How to prevent hyperpigmentation: Summer skincare 101
Summer. It’s the season some of us wait all year to enjoy. It’s the time of year to have a picnic with friends, ride your bike without the extra layers, have a late-night campfire and try all the water sports you can handle. It can feel so good to be in the sun, not to mention all the health benefits – increased vitamin D production, increased bone health, decreased blood pressure, and enhanced mental health. But before you head out to soak up those rays, here are some tips to prevent dark skin spots, hyperpigmentation, and how to protect your largest organ from the inside out.
What is hyperpigmentation?
Have you ever noticed that your skin pigmentation, or colouring, isn’t uniform? Hyperpigmentation is a condition in which a patch of skin is noticeably darker than the surrounding skin.
The epidermis is the outermost layer of the skin, and within this layer is the basal cell layer, where you’ll find specialized skin cells called melanocytes. These are the cells that produce melanin (not to be confused with the sleep hormone melatonin), the pigment that causes various colours in skin, hair, and eyes. Melanin is produced when your skin is exposed to our natural source of UV radiation, the sun.
What’s the cause behind this skin condition?
While hyperpigmentation can be caused by age, diet, allergic reactions, or medication side effects, the main cause is sun exposure (since sunlight is what triggers melanin production in the first place). When exposed to the sun, your skin produces melanin as a defence against the sun, which is why we tan. It’s the body’s way of protecting us from sunburn – kind of like a natural sunscreen. Darker skin is less likely to burn because of the increased amount of melanin. For those with lighter skin, melanin production isn’t sufficient enough to protect against sunburn.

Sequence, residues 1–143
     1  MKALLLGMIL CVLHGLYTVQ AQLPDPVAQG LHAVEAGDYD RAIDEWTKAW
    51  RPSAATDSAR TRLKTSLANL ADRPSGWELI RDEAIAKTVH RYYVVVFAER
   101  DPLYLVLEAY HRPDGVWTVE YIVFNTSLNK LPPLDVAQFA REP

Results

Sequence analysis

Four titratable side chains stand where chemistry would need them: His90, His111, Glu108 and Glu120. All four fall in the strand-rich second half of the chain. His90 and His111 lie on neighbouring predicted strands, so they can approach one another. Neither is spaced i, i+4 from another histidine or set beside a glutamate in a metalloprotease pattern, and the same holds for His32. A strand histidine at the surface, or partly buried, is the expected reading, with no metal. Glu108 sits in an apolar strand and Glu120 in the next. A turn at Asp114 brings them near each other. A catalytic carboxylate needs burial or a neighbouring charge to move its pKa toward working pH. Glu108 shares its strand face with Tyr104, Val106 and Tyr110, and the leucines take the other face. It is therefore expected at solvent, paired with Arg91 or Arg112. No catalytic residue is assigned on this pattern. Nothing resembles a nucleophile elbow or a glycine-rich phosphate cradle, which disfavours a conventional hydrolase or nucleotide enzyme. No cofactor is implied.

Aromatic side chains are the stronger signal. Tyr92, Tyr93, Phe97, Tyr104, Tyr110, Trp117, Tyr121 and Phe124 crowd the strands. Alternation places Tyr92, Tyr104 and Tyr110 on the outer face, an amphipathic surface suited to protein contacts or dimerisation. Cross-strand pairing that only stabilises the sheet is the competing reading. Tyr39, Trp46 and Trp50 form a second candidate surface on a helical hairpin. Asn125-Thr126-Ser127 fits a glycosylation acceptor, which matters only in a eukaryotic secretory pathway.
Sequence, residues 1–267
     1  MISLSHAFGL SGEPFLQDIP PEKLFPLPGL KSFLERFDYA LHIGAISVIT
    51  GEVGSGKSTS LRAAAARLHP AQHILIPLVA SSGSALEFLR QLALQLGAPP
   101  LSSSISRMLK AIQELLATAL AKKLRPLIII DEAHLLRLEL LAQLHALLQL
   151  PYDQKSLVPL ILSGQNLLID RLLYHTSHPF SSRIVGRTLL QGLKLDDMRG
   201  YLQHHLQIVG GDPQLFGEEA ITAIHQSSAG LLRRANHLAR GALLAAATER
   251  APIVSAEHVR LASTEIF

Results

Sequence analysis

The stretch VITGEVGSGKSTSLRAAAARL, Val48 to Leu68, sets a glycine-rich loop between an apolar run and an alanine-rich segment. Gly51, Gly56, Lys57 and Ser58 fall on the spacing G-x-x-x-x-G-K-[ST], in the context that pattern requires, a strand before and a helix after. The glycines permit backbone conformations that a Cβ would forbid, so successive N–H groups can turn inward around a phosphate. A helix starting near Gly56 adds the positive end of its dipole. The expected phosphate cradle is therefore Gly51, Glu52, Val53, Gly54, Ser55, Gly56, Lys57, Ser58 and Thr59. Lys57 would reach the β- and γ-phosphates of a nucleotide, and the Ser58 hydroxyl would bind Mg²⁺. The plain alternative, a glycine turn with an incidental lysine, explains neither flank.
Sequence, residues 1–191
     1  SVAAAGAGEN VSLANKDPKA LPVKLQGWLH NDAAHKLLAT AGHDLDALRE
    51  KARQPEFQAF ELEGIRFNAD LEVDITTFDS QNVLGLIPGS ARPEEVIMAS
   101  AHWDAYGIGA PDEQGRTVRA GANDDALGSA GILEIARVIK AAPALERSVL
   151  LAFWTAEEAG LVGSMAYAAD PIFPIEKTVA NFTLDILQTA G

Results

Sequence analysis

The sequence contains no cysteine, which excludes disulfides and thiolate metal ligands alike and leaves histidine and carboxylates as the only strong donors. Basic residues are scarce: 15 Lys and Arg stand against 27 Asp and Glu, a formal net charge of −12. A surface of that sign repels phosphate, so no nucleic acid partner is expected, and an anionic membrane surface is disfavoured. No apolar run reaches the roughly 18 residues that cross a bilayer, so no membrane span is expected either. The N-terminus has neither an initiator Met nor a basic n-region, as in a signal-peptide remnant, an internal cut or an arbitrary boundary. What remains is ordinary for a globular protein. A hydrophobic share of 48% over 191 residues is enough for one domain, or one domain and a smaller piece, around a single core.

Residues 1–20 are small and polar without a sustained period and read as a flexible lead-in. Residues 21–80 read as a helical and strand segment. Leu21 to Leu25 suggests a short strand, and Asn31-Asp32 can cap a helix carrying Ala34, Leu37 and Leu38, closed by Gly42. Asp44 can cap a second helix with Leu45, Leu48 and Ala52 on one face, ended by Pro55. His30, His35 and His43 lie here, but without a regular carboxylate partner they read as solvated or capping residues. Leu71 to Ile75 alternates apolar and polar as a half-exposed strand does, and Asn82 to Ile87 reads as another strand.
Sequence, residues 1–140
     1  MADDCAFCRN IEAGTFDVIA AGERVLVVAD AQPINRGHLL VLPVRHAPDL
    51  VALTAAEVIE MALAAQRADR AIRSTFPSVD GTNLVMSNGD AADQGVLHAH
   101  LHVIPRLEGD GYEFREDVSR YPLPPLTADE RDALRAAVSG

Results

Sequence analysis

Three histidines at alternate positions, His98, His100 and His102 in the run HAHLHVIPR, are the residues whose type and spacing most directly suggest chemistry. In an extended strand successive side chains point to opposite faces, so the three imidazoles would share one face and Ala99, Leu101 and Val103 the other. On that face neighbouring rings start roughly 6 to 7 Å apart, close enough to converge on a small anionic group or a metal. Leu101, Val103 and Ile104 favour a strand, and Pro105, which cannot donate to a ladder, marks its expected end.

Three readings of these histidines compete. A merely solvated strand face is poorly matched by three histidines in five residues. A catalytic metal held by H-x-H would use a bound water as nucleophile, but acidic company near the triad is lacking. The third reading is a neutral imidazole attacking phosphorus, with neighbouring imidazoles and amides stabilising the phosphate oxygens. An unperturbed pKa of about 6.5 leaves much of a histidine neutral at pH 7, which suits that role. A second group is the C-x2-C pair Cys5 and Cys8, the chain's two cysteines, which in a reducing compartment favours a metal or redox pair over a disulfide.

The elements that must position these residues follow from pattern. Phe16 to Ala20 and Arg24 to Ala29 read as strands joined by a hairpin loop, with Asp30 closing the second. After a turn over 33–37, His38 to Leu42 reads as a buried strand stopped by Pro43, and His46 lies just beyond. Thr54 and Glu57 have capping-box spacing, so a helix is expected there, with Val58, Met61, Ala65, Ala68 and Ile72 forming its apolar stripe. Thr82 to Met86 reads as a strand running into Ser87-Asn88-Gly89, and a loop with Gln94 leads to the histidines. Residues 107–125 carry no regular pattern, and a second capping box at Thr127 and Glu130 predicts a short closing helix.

Dark spots may not be visible when they are first created, or they may appear very faint because they are formed in the deeper layers of the epidermis. New skin cells are constantly being produced, and as that happens, they push older cells closer to the skin’s surface. Once those skin cells sluff off and are exfoliated over time, the spots come up to the surface skin layer. You may not notice anything on your skin now, but how you take care of your skin today is going to be beneficial in the future.
Types of hyperpigmentation
Increased production of melanin leads to a type of hyperpigmentation called melasma. Melasma usually appears as dark brown blotches on areas of the skin that are regularly exposed to the skin, such as the face, next, chest, and shoulders, giving the skin an uneven appearance. Melasma is more common in women and can be attributed to time periods where hormones are fluctuating, such as pregnancy or menopause.
These dark brown spots, also known as liver spots or age spots, are formed the same way as melasma – through increased melanin production. The difference with sunspots compared to melasma is that you can more easily see the outline of each spot, and they occur closer to the surface of the skin.
Post-inflammatory hyperpigmentation typically develops at the site of a wound or irritation such as a burn, rash, or pimple. This type of hyperpigmentation occurs as a result of inflammation, which is a necessary aspect of our body healing itself. In the case of post-inflammatory hyperpigmentation, there is an overproduction of melanin as the skin heals and repairs the damage. Although this type of hyperpigmentation isn’t caused by direct exposure to sunlight, these marks can darken if unprotected from the sun’s UV radiation.